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WP125 1.1 Released

The WordPress 125×125 ad management plugin has just got better. I’ve just released version 1.1.0, which improves performance, adds several customization options, as well as a few major features.

New is version 1.1:

  • Setting to change the widget title.
  • Option to remove the default ad styling, enabling you to use your own CSS rules.
  • Settings are no longer stored in a database table, but in WordPress’s built-in Options system. This reduces database queries, and improves performance.
  • Admin menu functions are no longer included outside of the WordPress Admin (hehe :D ).
  • A few other tweaks were made of efficiency and security nature.
  • Major feature: If you supply an email address in the options page, you can opt to receive email notifications when ads expire, allowing you to easily send follow-up emails to advertisers, or simply just stay in the know.
  • Major feature: Placeholder ads! If an ad slot is empty, instead of not being shown, a placeholder ad (a.k.a “Your ad here” image) will be shown, linking to your sales page.

Download the plugin here, or just use the WordPress 2.5+ automated plugin updater.

If you have any suggestions, or if you find a bug, please leave a comment or shoot me an email.

EDIT: Everyone using 1.1.0, please upgrade to 1.1.1, unless you don’t mind your ads being unclickable. A stupid mistake on my part caused the issue in 1.1.0. It’s been patched now.

EDIT: Arg!!! I made another mistake. Version 1.1.1 is identical to 1.1.0, and therefore didn’t get the fix. Please use 1.1.2. :D

ANOTHER EDIT: Another bug squished. 1.1.3 is out, everyone. Fixes an issue with the slot dropdown on the Add/Edit page.

Background Advertising

What’s your opinion on “background ads”? They often come up on sites like IMDB and GameSpot, or on other sites with fixed layouts, replacing the normal background image with an ad that seems to have the website floating on top of it.

Do you tend to find this sort of ad annoying, or do you think it’s a smart idea to handle ads that way. I kind of like them. They’re out of the way mainly, and you tend to find them more interesting than a “normal” ad. On the other hand, they kind if detract from a design in some cases, removing some of it’s individuality.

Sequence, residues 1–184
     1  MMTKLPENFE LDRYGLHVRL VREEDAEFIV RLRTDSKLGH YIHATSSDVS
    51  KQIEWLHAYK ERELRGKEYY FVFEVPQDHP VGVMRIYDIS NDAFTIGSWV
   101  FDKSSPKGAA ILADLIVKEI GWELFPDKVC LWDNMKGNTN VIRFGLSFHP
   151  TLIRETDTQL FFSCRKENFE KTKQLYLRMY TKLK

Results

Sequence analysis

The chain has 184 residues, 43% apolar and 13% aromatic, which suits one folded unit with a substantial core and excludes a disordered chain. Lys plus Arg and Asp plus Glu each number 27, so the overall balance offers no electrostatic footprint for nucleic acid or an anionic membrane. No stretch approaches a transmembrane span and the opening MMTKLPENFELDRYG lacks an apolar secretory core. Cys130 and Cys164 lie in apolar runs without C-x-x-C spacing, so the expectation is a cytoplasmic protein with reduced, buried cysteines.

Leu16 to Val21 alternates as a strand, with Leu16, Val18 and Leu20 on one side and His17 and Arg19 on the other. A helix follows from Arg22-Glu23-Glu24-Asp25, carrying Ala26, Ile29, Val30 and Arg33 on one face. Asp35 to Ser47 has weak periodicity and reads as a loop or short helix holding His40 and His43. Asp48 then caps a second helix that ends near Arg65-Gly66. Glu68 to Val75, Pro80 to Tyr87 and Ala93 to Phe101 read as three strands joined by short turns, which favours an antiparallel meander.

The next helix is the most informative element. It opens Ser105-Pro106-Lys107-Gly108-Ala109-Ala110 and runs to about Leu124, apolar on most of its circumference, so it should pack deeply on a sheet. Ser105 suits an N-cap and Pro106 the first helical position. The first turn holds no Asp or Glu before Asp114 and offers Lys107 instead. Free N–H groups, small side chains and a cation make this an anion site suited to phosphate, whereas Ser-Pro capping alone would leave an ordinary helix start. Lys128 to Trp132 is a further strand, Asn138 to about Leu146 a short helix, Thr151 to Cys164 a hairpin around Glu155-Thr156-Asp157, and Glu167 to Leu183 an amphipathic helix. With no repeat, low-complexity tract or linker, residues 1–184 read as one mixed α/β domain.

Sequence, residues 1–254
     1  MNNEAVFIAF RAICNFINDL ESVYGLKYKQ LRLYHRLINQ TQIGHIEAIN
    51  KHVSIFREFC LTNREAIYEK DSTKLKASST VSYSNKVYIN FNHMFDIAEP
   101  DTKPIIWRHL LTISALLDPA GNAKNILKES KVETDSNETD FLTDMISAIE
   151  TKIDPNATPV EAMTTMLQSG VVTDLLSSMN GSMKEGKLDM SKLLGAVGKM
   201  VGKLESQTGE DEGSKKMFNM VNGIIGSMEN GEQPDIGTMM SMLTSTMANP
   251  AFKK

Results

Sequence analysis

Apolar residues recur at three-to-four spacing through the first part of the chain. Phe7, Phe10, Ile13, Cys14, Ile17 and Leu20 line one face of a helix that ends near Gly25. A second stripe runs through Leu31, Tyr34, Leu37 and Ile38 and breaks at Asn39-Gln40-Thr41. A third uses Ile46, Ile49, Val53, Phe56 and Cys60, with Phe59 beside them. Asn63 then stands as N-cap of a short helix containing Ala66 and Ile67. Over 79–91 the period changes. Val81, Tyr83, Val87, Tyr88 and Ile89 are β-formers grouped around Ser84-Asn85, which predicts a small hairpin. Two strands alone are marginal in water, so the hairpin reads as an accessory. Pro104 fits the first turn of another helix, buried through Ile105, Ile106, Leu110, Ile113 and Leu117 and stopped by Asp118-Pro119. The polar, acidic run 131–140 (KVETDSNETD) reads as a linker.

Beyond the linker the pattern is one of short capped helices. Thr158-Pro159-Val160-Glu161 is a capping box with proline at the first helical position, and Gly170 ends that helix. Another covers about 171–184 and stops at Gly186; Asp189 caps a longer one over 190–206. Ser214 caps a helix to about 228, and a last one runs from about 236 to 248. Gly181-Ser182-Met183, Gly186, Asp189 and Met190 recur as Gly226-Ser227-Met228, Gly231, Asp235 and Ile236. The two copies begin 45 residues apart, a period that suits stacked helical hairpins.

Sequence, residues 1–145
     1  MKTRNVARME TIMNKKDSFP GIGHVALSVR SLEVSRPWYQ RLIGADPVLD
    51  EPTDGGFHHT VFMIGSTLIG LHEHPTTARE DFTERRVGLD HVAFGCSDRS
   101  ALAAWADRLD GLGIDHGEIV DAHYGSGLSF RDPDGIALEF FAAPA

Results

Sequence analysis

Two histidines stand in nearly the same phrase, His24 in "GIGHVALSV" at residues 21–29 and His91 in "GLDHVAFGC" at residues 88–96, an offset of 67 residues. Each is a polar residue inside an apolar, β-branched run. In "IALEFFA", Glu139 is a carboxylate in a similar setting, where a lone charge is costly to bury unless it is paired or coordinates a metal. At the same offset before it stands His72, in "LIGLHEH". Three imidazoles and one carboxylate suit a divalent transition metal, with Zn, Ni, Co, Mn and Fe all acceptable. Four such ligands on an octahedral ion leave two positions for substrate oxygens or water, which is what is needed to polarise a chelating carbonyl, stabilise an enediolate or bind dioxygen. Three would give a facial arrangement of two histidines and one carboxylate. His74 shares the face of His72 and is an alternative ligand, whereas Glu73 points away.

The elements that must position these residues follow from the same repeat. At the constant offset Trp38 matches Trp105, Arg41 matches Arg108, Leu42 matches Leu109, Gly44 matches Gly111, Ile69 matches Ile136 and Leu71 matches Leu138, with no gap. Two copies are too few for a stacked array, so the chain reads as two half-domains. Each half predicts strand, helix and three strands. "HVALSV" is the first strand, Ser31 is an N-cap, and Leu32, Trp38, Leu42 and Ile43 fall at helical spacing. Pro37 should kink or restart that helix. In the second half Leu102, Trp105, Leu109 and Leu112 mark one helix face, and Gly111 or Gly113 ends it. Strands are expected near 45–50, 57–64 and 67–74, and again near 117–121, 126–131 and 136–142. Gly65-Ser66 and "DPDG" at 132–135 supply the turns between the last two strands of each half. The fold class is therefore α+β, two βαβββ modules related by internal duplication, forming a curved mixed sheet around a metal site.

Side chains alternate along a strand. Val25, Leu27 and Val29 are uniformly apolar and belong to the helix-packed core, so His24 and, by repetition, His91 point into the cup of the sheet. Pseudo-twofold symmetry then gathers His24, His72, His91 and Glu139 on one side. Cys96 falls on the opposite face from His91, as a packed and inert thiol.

I’ve been seeing the ads more often lately, and IMDB and GameSpot, as I said, tend to get them quite frequently.

On a related note, we may be seeing this sort of thing on Twitter of all places. A new service called Twittad will aid you in finding advertisers to buy your profile’s background for a given time and price. An interesting concept, and I think it will be fun to watch how well this goes over with the Twitter users.

One thing I like about this sort of thing, especially with Twittad, is that there’s no clicking through the ad, away from your site. It’s purely a branding thing. The advertiser isn’t trying to leech your pageviews in order to increase their’s, but to improve the strength of their brand, so people will come there on their own.

Using WordPress Custom Fields to Control AdSense Sizes

Two of the most common AdSense placements on blogs are

  1. A rectangular ad (such as the 250×250 unit) in the post, floated to the left, with the text wrapping around it.
  2. A 468×60 “banner” unit between the post title and the content.

In some posts, though, the floated ads get in the way of other elements, such as images. Suppose you want to have an image floated to the right, at the top of your post. That could conflict with your ad, couldn’t it? If the image is wide enough, it would run right into the ad. Or what if you wanted to have a wide image above the content, like on Copyblogger? That left-floated ad would get in the way. What’s the solution? No, you don’t need to switch to a 468×60 ad, which often doesn’t perform as well as the floated ad. It’s time for a little WordPress magic.